Building at completion (1931) shows the lack of a full-height spire.

Walker’s architectural style is best known as “humanism,” the attempt to design buildings less industrial and more warm and appealing to the eye. In the exhibit we saw a number of examples of the buildings he designed and proposed, as well as photographs of his breath-taking interiors. The docent, Marci, is pleasant, knowledgeable and informative, and answered most of our questions before we even asked.

Walker Tower is being developed by JDS Development Group and Property Markets Group. Their intention is to complete Walker’s original design, which had been compromised due to budget restraints when first constructed. An architectural model of the project is also in the exhibit. CORE reality at 127 Seventh Avenue and 18th Street has the exclusive offering agreement and will launch sales in the building during 2012.

The Barclay-Vesey Telephone Building (constructed 1922 – 1926) at 140 West Street is his masterpiece. The recently published, limited edition book by Kathryn R. Holliday is available at the exhibit.

Marci holds Holliday's limited edition book showing the magnificent golden interior in front of an image of the original Irving Trust Building at One Wall Street and Broadway.

The exhibit located on the ground floor at 212 West 18th Street is free and open to the public daily, by appointment only and should be available for viewing through mid-May.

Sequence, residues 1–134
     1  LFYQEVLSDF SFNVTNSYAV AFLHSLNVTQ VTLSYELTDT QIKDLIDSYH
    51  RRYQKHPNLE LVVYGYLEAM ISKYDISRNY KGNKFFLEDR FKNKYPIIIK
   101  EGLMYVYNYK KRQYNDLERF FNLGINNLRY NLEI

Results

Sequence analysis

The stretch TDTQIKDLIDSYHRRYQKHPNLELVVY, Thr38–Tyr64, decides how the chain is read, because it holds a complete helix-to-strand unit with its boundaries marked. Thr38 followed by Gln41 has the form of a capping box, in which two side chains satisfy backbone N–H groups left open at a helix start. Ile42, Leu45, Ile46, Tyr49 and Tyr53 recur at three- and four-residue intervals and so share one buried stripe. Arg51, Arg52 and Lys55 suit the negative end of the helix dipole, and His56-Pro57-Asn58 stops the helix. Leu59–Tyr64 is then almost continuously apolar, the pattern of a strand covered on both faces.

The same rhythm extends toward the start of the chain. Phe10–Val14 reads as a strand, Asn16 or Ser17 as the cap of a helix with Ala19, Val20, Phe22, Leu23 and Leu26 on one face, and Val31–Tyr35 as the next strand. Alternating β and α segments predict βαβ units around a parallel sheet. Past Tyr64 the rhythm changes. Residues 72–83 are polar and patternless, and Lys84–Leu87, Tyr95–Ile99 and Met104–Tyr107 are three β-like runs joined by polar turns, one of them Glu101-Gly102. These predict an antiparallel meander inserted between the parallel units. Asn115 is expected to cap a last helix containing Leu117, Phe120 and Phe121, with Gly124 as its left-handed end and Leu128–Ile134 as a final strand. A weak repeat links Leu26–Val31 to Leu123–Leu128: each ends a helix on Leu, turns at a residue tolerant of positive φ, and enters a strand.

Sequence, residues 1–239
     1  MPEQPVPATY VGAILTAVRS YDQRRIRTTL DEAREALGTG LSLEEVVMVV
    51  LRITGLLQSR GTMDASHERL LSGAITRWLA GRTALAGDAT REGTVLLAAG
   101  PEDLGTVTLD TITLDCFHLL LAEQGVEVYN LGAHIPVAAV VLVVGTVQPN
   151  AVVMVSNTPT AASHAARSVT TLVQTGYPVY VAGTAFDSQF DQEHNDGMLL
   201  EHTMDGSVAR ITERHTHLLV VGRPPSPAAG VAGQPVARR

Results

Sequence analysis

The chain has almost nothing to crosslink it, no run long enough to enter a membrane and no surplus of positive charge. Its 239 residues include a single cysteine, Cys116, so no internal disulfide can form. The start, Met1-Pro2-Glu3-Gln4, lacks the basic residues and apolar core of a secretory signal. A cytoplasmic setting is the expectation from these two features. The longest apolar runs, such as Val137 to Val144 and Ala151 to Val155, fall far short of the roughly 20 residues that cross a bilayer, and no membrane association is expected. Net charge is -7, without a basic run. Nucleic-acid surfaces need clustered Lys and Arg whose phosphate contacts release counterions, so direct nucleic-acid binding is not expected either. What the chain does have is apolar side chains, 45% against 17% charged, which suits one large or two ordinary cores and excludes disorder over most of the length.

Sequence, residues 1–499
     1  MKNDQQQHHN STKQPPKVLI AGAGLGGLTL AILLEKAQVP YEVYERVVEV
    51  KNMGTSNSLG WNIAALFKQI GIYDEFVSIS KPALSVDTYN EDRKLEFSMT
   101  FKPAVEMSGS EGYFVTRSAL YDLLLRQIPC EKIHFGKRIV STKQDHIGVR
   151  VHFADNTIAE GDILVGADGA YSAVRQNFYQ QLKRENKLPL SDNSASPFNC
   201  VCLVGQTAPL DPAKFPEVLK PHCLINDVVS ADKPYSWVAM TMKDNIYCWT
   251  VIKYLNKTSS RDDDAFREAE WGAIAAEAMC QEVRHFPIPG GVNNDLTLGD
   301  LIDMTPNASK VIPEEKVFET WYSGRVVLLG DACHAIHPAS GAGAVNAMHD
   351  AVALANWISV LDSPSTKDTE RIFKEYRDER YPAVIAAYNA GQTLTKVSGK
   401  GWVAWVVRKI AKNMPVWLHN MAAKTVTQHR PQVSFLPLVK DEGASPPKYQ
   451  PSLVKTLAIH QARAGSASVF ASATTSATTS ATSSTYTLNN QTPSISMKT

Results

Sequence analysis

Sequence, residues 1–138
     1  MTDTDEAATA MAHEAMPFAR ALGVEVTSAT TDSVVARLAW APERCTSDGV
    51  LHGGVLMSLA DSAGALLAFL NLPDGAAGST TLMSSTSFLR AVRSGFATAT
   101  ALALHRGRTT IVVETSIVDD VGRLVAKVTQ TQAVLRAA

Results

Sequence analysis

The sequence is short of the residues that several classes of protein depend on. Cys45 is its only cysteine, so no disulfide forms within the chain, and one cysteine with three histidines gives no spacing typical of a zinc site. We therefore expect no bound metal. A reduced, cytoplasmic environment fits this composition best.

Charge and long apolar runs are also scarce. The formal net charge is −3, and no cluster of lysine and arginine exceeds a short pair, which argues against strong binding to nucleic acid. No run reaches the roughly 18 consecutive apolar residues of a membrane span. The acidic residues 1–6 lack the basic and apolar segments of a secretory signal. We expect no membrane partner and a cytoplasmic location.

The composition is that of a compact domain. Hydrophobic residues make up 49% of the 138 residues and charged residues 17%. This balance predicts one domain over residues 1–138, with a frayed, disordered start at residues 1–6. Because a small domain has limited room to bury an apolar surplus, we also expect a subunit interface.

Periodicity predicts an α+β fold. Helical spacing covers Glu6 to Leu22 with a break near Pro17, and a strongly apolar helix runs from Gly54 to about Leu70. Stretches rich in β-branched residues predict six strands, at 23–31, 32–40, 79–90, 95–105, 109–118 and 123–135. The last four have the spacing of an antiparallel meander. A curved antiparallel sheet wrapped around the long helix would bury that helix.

From Penthouse to Playhouse: Inside the New York City Duplex with an 18ft Stainless Steel SLIDE

UK Mail OneMay 07, 2012
There’s finally an apartment for the man that refuses to act his age - and it has even got a slide to keep him forever young.

Nestled on 13th Street between 1st Avenue and Avenue A, the asking price for this 2,400 square foot duplex is just $3.9 million, a little more than the average kid's allowance.

Beyond the slide, it’s got four bedrooms, four baths, two terraces, a garden and just about every other amenity from those adults suffering from playground envy.

Expensive Toys: Nestled on 13th Street between 1st Avenue and Avenue A, the asking price for this 2,400 square foot duplex is just $3.9 million

What a Man Wants: Professional poker player Phil Galfond commissioned the slide to be custom built by an engineering firm for a cool $250,000

It Gets Better: Even though the slide is the centerpiece of the man-child palace, the apartment also boasts a game room with a $35,000 glass pool table and a 18-foot high atrium

The stainless steel sculpture was delivered by freight train to its East Village home.

‘The owner combined two apartments and he wanted to put a fun and creative new way of going from the top level to the bottom, CORE broker Lindsee Silverstein said.

Sweet Dreams: The apartment has four bedrooms, four baths, two terraces, a garden and just about every other amenity

Apples and Pears: There's also a staircase for the less adventurous

Step Right Up: The condo has 360 degree views of New York City as well as a 24-hour door man and concierge

It connects the upstairs office to the downstairs living room with just 18 feet of fun.

There’s also a staircase for the less adventurous.

Even though the slide is the centerpiece of the man-child palace, the apartment also boasts a game

Houses of the Week: 133 West 14th Street

New York PostMay 03, 2012
$1.795 million

Bedrooms: 2 Bathrooms: 2 Square feet: 1,600 Common charges: $558
“Centrally located” on 14th Street, at the crossroads of Chelsea and the West Village, this “turn-key” condo loft offers a 25-foot wide living/dining area, an open chef’s kitchen, “oversized” windows, a wood-burning fireplace and a washer/dryer. Agent: Vickey Barron, Core, 212-612-9647

Inside Look: NYC Penthouse Playground

AOL Real EstateMay 03, 2012
New York City's famous for being a rich man's playground and we couldn't have found a home that takes this idea more seriously than this East Village penthouse -- with a built-in slide.